The consequences of John Maynard Keynes.He conceived the economic machinery that runs our lives. His brilliant engine, despite overhauls and tune-ups continues to run erratically. Is it the driver or the roads?…
Keynes identified the economic importance of animal spirits. Making and losing fortunes in the financial markets led him to refer to the “casino capitalism” of the stockmarket. He also noted that “there is nothing so dangerous as the pursuit of a rational investment policy in an irrational world”. He had an amusingly accurate view of the impact and transmission of economic ideas: “Practical men, who believe themselves to be quite exempt from any intellectual influences, are usually the slaves of some defunct economist.” As for the frequency with which his opinions would evolve: “When the facts change, I change my mind – what do you do, sir?” “In the long run we are all dead,” he said. For him, the long run was 1946.
“So the Fed is again in the position of “pushing on a string” and finding that nothing happens. Some economists describe this as a “liquidity trap.” Money creation loses its stimulative power — vastly overrated even in ordinary times — because public demand for loans is weak. Americans are too strapped financially, too short on investment opportunities, or too concerned about the future to borrow. They prefer to save instead.
Some economists argue that “trap” is an inappropriate description. The new money the Fed has pumped into the economy to replace the financial-sector liquidity wiped out by the collapse of the bubble has to go somewhere, they point out. It has to end up in someone’s bank account and banks have to quickly convert deposits (liabilities) into investments or go broke even faster than some have by loading up on polluted, mortgage-backed securities. Maybe “liquidity malfunction” is a better term than “trap.” ( George Melloan WSJ)
Almost everyone who knew Maynard Keynes remembered him as just about the smartest man in England. Lytton Strachey once remarked that ” his common sense was enough to freeze a volcano” Leonard Woolf, Bloomsbury’s judicious liberal conscience , said that Keynes had “absolutely the quickest brain of any man I’ve ever met, except perhaps Bertrand Russel’s.” But Russell himself admitted that he seldom emerged from an argument with Keynes without feeling something of a fool. Keynes loyal biographer, Sir Roy Harrod said, ” No one in our age was cleverer than Keynes, nor made any less attempt to conceal it.”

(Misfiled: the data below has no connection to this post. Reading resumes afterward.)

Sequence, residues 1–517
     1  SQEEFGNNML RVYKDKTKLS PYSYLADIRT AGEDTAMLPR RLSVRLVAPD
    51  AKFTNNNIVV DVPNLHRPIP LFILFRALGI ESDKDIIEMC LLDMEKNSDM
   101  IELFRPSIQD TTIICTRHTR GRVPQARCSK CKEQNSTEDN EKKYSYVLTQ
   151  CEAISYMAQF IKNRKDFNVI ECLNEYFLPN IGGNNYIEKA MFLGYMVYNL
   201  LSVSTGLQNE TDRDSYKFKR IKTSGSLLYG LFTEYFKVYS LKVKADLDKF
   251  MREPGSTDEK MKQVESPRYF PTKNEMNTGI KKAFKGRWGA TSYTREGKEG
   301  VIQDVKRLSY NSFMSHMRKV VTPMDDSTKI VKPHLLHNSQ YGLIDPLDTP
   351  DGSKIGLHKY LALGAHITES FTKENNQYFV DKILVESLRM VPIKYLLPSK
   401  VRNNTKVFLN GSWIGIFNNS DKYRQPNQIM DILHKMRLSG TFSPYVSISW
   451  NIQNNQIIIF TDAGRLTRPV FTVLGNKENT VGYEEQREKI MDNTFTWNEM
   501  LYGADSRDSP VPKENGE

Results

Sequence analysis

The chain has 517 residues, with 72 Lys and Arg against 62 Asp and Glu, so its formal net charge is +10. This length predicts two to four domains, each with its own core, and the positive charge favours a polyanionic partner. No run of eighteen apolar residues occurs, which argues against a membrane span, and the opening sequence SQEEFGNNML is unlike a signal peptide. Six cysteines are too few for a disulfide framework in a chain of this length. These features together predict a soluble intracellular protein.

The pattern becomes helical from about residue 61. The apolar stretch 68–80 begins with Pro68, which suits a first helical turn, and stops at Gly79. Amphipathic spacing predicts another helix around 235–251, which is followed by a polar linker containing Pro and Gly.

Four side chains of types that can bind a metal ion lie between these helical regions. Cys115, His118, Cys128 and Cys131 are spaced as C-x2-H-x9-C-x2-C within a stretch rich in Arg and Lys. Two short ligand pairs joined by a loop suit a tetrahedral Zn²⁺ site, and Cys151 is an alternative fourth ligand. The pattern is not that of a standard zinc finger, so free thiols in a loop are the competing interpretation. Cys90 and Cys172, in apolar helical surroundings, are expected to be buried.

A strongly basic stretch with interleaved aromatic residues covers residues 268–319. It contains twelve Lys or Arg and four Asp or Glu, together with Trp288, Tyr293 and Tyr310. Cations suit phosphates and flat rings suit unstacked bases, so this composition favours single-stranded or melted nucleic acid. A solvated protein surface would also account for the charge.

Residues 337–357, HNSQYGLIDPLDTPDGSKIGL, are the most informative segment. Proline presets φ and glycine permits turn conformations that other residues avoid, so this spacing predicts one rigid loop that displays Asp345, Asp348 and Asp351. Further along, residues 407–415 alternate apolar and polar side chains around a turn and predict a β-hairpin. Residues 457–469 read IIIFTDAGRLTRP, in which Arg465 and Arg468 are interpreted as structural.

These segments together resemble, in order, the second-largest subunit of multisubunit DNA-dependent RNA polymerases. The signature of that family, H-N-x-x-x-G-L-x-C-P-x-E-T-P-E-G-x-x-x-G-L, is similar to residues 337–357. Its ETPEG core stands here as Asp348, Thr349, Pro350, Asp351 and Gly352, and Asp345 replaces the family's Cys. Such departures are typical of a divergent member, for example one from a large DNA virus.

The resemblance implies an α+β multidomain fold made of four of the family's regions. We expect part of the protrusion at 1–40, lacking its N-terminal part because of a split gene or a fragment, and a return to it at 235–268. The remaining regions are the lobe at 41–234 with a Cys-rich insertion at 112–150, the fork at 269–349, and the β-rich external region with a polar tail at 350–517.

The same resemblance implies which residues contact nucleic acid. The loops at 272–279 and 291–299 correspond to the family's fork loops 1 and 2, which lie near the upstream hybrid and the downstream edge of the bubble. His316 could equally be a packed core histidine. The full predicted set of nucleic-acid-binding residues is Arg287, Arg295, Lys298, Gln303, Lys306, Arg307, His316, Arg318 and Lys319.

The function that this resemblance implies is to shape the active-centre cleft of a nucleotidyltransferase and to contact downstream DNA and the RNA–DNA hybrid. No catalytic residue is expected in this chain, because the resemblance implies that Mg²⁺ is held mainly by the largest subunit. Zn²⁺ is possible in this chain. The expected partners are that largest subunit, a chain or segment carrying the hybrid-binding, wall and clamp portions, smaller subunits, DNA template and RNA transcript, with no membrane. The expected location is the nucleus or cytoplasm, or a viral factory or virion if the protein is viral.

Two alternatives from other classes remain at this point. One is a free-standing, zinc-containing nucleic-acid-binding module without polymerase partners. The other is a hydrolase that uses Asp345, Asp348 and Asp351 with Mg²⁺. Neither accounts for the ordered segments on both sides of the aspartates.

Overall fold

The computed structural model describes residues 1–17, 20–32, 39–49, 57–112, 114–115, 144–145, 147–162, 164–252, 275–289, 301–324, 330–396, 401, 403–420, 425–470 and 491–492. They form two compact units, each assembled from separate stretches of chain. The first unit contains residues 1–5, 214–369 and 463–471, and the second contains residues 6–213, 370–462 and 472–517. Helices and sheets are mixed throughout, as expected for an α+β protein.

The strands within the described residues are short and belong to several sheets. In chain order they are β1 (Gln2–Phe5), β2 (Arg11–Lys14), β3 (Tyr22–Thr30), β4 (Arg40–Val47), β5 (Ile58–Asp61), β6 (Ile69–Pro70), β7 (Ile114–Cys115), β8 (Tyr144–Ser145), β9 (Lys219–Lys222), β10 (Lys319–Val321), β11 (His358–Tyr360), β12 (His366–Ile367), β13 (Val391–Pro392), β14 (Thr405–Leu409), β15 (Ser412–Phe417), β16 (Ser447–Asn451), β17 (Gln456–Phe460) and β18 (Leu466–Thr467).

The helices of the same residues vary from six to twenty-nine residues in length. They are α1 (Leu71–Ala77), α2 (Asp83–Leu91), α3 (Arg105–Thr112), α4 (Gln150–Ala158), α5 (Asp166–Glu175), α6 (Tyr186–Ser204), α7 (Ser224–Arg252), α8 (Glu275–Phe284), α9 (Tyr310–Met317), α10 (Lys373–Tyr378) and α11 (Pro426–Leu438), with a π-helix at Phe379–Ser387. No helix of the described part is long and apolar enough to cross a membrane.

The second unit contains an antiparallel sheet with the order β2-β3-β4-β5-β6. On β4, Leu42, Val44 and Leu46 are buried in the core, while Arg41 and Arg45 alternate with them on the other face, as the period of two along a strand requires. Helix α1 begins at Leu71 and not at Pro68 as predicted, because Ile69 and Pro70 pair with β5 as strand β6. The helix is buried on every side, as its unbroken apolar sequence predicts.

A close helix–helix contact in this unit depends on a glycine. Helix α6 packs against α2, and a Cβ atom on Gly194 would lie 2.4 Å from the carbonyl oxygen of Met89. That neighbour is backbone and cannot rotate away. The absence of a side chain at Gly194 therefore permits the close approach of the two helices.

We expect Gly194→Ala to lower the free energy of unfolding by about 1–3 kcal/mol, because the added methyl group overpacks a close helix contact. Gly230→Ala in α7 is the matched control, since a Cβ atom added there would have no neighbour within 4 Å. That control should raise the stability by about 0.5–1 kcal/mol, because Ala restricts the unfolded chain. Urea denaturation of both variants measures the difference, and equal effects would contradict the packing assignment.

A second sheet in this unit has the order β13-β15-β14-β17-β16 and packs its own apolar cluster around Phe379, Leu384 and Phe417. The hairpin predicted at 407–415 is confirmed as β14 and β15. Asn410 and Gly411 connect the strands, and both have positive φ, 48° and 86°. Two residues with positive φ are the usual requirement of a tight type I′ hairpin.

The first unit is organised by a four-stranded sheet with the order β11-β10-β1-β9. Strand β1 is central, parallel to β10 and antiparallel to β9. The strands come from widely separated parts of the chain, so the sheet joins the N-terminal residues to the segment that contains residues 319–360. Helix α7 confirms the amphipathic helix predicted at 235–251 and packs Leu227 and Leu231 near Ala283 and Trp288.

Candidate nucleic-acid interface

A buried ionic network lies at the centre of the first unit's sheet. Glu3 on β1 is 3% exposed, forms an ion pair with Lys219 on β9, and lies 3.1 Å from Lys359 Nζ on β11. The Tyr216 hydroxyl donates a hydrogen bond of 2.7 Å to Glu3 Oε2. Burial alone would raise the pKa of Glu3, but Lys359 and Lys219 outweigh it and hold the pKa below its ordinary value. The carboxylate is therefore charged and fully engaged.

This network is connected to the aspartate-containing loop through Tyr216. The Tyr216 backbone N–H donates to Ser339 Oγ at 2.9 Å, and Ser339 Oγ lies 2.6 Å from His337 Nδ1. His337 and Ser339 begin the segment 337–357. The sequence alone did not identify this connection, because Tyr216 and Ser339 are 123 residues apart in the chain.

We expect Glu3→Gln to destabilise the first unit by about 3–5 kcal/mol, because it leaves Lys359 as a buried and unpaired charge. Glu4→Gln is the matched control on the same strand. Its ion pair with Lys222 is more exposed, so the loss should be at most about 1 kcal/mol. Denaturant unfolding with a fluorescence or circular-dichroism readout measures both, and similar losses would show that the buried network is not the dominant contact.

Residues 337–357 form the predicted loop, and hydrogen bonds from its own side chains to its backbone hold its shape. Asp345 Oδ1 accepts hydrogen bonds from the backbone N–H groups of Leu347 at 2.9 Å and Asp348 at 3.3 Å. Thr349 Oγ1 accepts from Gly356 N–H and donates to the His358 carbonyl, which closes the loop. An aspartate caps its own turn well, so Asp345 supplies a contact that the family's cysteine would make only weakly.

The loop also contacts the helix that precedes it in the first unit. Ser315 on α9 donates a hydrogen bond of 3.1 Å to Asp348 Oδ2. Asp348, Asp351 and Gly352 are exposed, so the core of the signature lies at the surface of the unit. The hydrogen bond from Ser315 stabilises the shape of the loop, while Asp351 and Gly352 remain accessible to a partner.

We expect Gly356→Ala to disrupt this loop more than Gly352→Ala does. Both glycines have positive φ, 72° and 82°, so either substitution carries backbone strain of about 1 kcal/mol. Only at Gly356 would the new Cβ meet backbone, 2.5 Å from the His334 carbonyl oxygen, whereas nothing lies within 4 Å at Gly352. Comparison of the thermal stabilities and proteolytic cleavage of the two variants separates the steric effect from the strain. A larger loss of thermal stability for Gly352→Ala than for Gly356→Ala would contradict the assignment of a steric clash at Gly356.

Inside this intellectual dandy was a genius crying to get out. When it finally did, in the depths of the depression, Keynes brilliant intelligence devised a technique for steering capitalism off the rocks on which it was then stuck fast. He demonstrated beyond a doubt that the forces of the free market would not automatically bring prosperity if allowed to work themselves into balance in the long run. ” Adam Smith’s “invisible hand” was simply not there to moderate mankind’s self-interest.
Keyne’s classifications of aggregate income and expenditure, savings and investment, are as basic to modern thought as Freud’s discovery of the emotional forces by which we are individually driven. In both cases, the problem is not in the discovery, or an articulation of the awareness, but rather the interpretations thereof, that has proven to be the sticky wicket. The discovery of what was essentially a neutral fact: that there was no God in the economic machine; had an impact as forceful as the awesome discoveries of the atomic scientists.
Michael Arditti:With the exception of Arthur Miller and Marilyn Monroe, there can have been no odder celebrity couple than Lydia Lopokova and John Maynard Keynes. She was a prima ballerina who delighted audiences with her delicacy, exuberance and charm. He was a renowned economist whose intellect made even Bertrand Russell feel inadequate, and a committed homosexual along with his friend Lytton Strachey.